Keep the Flame Alive
The procession seems to wind through the streets of Jerusalem, according to the reference to the “tents of the victors” (verse 15). In any case, a hymn of thanksgiving is raised (see verses 5-18) whose message is essential: Even in anguish, one must keep high the torch of confidence, because the Lord's powerful hand leads his faithful one to victory over evil and to salvation.
The sacred poet uses strong and vivid images: The cruel adversaries are compared to a swarm of bees or a wall of flames that advances, reducing everything to ashes (see verse 12). However, the reaction of the righteous, sustained by the Lord, is vehement. Three times he repeats: “In the Lord's name I crushed them.” The Hebrew verb highligts a battle that destroys evil (see verses 10,11,12). The reason is that at the root is God's powerful right hand — that is, his mighty work — and certainly not the weak and uncertain hand of man. It is because of this that the joy of victory over evil gives way to a highly evocative profession of faith: “The Lord, my strength and might, came to me as savior” (verse 14).
Cornerstone of Success
The procession seems to reach the Temple, “the gates of victory” (verse 19), namely the holy door of Zion. Here a second song of thanksgiving is intoned, which opens with a dialogue between the priests and the assembly who are asking to be admitted to worship. “Open the gates of victory; I will enter and thank the Lord,” says the soloist in the name of the processional assembly. Others, probably the priests, respond: “This is the Lord's own gate, where the victors enter” (verse 20).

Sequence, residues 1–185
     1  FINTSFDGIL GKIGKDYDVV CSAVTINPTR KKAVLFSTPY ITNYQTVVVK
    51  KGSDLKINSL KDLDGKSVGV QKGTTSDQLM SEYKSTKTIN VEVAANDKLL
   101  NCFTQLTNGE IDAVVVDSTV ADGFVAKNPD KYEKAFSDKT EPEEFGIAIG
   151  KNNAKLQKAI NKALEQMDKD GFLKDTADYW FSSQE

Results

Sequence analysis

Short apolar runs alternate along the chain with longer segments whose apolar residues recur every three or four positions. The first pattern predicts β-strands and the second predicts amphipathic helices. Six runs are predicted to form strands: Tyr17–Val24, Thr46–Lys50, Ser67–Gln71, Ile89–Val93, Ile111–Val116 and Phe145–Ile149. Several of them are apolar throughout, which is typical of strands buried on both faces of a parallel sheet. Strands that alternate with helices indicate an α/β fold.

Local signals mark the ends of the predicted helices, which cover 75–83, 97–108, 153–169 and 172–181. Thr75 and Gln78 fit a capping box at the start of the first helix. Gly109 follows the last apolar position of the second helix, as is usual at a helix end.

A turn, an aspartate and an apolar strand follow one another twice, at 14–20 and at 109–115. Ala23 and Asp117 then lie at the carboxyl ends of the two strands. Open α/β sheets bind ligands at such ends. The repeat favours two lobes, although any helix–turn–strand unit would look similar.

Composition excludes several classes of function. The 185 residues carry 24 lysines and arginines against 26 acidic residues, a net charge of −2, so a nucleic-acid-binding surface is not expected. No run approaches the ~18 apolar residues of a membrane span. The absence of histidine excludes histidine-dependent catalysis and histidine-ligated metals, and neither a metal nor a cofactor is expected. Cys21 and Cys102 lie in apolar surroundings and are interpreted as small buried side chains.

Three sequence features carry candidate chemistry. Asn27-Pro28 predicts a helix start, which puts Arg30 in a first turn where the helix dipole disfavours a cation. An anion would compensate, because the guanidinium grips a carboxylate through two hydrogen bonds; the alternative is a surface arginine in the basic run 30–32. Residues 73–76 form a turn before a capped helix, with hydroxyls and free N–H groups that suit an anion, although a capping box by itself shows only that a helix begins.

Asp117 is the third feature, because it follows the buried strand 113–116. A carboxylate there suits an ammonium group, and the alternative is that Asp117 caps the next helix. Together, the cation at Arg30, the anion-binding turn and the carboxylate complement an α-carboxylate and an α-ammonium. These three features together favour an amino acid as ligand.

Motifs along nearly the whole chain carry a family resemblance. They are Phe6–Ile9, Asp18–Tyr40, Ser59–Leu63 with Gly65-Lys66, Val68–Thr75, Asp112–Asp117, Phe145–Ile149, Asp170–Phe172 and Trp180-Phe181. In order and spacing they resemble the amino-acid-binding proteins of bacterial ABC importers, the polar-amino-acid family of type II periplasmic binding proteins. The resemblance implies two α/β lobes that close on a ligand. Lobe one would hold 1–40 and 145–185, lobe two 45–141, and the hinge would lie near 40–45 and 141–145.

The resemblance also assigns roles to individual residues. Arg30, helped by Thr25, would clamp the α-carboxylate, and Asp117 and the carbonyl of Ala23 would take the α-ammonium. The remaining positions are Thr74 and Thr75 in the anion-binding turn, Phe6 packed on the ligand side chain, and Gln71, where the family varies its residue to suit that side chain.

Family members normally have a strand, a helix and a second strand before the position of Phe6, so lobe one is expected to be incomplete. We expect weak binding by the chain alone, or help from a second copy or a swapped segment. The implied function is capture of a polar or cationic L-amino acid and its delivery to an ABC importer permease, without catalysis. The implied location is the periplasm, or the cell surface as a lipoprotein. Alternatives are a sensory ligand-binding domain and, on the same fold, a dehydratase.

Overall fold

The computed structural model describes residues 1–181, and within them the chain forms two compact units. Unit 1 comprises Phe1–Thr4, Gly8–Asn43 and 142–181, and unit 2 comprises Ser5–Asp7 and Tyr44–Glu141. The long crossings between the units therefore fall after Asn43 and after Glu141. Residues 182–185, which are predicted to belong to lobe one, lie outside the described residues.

After entering, the fathful can now sing the hymn of gratitude to the Lord, who offers himself in the Temple as a stable and safe “stone” on which to build the house of life (see Matthew 7:24-25). A priestly blessing descends upon the faithful, who have entered the Temple to express their faith, to raise their prayer, and to celebrate the liturgy.
In the End, Joy
The last scene that opens before our eyes is a joyful rite of sacred dances, accompanied by a festive waving of branches: “Join in procession with leafy branches up to the horns of the altar” (verse 27). The liturgy is joy, a festive encounter, an expression of the entire creation praising the Lord. The rite of branches recalls the Hebrew Feast of Booths, in memory of Israel's wandering in the desert, a feast which included a procession with palm, myrtle and willow branches.
This same rite, evoked in the psalm, is presented again to Christians at Jesus’ entry into Jerusalem, which is celebrated in the Palm Sunday liturgy. Christ is acclaimed with hosannas as the “son of David” (see Matthew 21:9) by the crowd “that had come to the feast … took palm branches and went out to meet him, and cried out: ‘Hosanna! Blessed is he who comes in the name of the Lord, [even] the king of Israel’” (John 12:12-13). In that festive celebration — which is, however, a prelude to the hour of Jesus’ passion and death — the earlier symbol of the cornerstone is fulfilled and understood in is full meaning, now acquiring a glorious paschal significance.
Psalm 118 encourages Christians to recognize in Jesus’ paschal event “the day the Lord has made,” in which “the stone which the builders rejected has become the cornerstone.” With this psalm they can therefore sing full of gratitude: “The Lord, my strength and might, came to me as savior” (verse 14). “This is the day the Lord has made; let us rejoice in it and be glad” (verse 24).